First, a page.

Initial Cost And Seismic Vulnerability Functions For Buildings With Energy-dissipating Devices
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J. García-Pérez, M. Zenteno & O. Díaz
The current optimization process stated within the framework of decision theory computes design values by minimizing the total cost of a structure, including the initial cost as well as the costs due to earthquakes. Initial cost functions are described in terms of design parameters, usually the seismic design coefficient. These functions are obtained in this study by analyzing four different types of structures. Each structure is represented by a reinforced concrete frame comprised of beams and columns, with hysteretic energy-dissipating devices installed as braces. The structures studied are hypothetical buildings built at a soft site in the Valley of Mexico with five, ten, fourteen and twenty-stories high. Cost analyses obtained for these systems are compared with those obtained for a conventional frame made up of only beams and columns. From those structures studied here, vulnerability functions (drift-seismic intensity) are obtained for both systems, that is, the conventional system and the system with dissipating devices. These vulnerability functions together with the cost analyses performed are used to find cost of damage-seismic intensity relationships. The results show that the use of systems with energy-dissipating devices gives a better cost-benefit behavior when the system is under high seismic intensities. Moreover, these results are appropriate for performing long-term cost-benefit analyses. Keywords: initial cost, energy-dissipating devices, reinforced concrete buildings, vulnerability functions. 1 Introduction The current seismic design philosophy is based on the energy-dissipation capability of structures by means of elastic or inelastic deformations (which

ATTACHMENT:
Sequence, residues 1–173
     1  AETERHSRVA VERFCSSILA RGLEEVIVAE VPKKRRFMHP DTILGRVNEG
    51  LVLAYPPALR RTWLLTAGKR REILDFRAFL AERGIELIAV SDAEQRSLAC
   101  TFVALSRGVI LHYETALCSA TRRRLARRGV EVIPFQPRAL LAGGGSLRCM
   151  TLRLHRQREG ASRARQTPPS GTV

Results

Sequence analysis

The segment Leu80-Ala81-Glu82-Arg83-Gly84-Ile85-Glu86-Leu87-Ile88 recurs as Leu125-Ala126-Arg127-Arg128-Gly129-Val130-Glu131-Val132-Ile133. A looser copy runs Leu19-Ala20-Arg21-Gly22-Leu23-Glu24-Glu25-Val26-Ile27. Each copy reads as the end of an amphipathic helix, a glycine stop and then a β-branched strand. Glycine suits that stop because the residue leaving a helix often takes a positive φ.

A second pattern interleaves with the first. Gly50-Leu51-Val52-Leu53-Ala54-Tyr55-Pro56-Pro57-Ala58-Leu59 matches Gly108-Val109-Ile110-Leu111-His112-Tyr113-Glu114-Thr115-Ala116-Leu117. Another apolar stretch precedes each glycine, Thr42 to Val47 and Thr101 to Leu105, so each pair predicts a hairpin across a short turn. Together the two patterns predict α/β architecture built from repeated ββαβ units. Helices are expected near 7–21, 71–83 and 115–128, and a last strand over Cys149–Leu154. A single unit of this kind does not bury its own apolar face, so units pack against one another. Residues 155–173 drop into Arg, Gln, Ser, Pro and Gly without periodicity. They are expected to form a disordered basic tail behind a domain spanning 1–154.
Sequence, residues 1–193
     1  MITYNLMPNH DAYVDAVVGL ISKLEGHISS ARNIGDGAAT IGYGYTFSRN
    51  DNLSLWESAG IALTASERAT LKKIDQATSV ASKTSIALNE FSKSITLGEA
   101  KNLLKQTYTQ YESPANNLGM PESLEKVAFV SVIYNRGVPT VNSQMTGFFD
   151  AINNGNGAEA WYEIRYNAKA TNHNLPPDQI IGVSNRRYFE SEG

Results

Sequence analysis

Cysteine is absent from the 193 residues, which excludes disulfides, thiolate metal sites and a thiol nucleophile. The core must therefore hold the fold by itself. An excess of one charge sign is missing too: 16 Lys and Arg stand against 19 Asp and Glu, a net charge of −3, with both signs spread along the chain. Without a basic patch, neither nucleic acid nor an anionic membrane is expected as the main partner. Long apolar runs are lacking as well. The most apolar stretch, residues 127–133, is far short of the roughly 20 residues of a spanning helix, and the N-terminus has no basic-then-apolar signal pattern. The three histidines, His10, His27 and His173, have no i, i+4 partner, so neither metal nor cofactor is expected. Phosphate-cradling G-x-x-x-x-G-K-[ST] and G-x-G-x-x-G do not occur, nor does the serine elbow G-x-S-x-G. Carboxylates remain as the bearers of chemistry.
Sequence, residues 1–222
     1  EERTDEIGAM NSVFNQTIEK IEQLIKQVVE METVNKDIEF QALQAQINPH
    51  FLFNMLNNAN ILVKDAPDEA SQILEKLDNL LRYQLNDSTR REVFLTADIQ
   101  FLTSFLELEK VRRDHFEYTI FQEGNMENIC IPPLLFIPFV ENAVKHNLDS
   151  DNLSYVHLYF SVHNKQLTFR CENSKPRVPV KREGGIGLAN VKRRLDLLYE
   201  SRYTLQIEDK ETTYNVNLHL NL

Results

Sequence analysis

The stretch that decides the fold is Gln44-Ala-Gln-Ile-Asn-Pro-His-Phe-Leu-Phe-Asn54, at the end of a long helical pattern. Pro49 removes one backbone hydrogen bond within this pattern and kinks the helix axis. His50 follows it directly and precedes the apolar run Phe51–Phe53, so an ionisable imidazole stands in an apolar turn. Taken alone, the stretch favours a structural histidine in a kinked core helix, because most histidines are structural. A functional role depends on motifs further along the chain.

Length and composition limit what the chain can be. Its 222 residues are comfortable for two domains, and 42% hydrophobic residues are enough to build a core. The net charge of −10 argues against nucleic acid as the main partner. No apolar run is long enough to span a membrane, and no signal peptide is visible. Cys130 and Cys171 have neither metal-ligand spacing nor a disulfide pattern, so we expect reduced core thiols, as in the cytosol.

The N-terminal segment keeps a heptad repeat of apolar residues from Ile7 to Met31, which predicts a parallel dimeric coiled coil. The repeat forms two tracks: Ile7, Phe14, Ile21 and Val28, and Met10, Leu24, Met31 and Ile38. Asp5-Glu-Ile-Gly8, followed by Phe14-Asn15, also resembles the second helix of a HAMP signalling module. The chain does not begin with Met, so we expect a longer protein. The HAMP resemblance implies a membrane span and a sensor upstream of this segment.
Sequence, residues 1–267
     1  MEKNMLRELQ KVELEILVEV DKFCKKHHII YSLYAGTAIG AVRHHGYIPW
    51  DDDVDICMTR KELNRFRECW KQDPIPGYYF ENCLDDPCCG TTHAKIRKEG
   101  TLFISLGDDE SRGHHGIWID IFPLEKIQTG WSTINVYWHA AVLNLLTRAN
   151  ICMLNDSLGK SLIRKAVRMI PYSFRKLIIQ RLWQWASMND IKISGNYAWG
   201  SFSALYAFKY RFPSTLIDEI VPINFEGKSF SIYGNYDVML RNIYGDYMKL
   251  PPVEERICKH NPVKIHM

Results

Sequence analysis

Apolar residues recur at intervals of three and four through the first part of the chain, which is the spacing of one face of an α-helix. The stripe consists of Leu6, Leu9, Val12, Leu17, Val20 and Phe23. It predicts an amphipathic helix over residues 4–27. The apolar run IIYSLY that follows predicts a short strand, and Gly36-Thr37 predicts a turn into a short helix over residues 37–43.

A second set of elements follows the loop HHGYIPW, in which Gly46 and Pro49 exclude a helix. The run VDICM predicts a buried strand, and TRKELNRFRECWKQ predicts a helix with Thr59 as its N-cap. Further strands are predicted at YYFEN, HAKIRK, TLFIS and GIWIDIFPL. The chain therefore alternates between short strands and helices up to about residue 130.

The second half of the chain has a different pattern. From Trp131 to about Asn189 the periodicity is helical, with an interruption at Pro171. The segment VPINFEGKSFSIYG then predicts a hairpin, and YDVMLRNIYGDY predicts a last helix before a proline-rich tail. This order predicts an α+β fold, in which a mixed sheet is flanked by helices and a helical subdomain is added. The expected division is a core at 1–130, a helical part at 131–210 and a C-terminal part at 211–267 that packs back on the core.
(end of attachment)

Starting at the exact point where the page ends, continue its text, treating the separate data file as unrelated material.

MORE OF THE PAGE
initial cost, energy-dissipating devices, reinforced concrete buildings, vulnerability functions.